Fox Behavior & HabitsA Red Fox licking its lips hungrily

Foxes are intriguing and adaptable creatures found in various habitats worldwide. Althrough they are primarily known for having striking red-orange fur, there are many different types of foxes with different color coats. Understanding their behavior and habits is essential for fostering harmonious coexistence between humans and foxes. This brief guide explores fascinating fox behavior and habits, shedding light on their lifestyle and interactions with the environment, as well as some of their favorite foods.

  • Foxes are predominantly crepuscular, meaning they are most active during dawn and dusk, making them adept twilight foragers.


  • While primarily crepuscular, foxes may exhibit nocturnal behavior in areas with minimal human disturbance or heightened prey availability, showcasing their adaptability to varying environmental conditions.


  • Foxes are solitary hunters, typically foraging and hunting alone. Yet during the breeding season, they may form family groups, demonstrating their adaptable social structure.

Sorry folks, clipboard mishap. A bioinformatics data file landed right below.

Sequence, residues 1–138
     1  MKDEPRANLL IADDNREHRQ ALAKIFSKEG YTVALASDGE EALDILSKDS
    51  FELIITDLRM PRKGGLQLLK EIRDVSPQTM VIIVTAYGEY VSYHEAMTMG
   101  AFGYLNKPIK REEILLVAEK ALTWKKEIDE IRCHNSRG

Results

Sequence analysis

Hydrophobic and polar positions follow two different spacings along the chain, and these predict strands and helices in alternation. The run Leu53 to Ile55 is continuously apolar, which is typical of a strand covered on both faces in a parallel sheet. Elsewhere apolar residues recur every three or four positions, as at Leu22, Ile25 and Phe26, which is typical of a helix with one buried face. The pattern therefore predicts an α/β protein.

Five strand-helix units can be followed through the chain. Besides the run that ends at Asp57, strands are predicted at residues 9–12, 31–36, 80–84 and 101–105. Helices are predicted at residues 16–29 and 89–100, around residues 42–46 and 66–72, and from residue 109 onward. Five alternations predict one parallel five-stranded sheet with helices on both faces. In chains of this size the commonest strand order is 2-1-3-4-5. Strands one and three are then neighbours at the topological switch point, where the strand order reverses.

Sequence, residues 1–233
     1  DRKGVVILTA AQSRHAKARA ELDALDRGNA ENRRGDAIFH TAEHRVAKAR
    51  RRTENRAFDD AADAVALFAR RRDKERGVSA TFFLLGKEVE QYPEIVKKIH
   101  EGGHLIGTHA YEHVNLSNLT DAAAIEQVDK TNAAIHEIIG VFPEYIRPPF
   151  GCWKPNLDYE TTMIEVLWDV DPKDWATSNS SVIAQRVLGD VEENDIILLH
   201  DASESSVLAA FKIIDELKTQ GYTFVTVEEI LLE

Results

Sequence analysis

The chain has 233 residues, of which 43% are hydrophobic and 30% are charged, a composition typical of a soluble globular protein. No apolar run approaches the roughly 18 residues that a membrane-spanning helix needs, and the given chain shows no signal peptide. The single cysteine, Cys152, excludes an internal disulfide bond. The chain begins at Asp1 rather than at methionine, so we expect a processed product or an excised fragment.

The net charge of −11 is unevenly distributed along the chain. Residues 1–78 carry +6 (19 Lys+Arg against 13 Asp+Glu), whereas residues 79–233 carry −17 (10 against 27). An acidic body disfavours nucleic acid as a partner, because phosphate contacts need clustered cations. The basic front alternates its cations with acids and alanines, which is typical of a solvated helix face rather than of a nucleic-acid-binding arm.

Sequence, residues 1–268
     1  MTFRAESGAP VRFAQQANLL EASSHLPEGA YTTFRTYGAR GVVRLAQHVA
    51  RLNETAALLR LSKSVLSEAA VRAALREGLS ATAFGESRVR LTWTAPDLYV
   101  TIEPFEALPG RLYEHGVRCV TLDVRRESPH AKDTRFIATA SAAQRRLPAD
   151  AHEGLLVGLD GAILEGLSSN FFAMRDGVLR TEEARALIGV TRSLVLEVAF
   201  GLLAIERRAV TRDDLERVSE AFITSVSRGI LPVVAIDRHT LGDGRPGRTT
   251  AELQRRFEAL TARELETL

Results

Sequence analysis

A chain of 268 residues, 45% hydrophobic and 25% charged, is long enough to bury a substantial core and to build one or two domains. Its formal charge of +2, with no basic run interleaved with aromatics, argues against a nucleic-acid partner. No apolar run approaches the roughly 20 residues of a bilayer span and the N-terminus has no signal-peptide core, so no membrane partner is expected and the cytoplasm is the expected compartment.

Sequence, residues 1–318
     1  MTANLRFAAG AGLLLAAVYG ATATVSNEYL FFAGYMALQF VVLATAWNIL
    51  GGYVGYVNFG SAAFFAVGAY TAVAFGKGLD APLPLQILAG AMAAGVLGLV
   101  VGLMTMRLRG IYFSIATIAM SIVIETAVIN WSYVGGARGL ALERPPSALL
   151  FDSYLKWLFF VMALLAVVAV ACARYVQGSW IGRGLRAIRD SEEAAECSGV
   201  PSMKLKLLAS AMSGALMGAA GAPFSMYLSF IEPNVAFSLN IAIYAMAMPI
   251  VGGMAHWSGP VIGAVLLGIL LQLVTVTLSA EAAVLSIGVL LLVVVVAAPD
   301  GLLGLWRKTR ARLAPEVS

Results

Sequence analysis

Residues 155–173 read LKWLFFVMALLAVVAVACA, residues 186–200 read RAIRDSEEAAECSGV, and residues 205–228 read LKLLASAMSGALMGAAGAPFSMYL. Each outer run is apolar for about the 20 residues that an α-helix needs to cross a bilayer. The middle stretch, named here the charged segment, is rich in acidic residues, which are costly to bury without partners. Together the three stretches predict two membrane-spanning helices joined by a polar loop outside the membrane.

• Foxes communicate through a repertoire of vocalizations, including barks, yips, and screams. They also employ scent marking techniques, such as urine and feces deposition, to convey messages to other foxes and delineate territories.


  • Foxes exhibit a diverse diet, encompassing small mammals, birds, insects, fruits, berries, and carrion, underscoring their role as opportunistic omnivores.


  • Known to cache surplus food and scavenge carrion, foxes exhibit adaptive foraging behavior, often exploiting human food sources (i.e. food waste in trash bins) in urban environments and showcasing their resourcefulness.


  • Foxes are highly adaptable to varying ecological conditions, and can inhabit diverse environments such as forests, grasslands, agricultural areas, and urban landscapes.


  • Maintaining exclusive territories marked by scent, foxes demonstrate territorial behavior crucial for resource defense, with territorial size varying based on habitat type and resource availability.


  • During the mating season, foxes form monogamous breeding pairs, typically in late winter or early spring.


  • Female foxes exhibit strong maternal behavior, nursing and grooming their offspring in underground dens, while both parents participate in providing food and protection to the young, highlighting their cooperative parental behaviors.

What do Foxes Eat?

As previously stated, foxes are quite opportunistic and are far from picky eaters. That said, here are some of the foods foxes eat most often.

  • Mice
  • Rats
  • Voles
  • Rabbits
  • Chickens
  • Small Birds
  • Insects
  • Small Invertebrates
  • Berries
  • Grains
  • Human Food Waste
  • Pet Food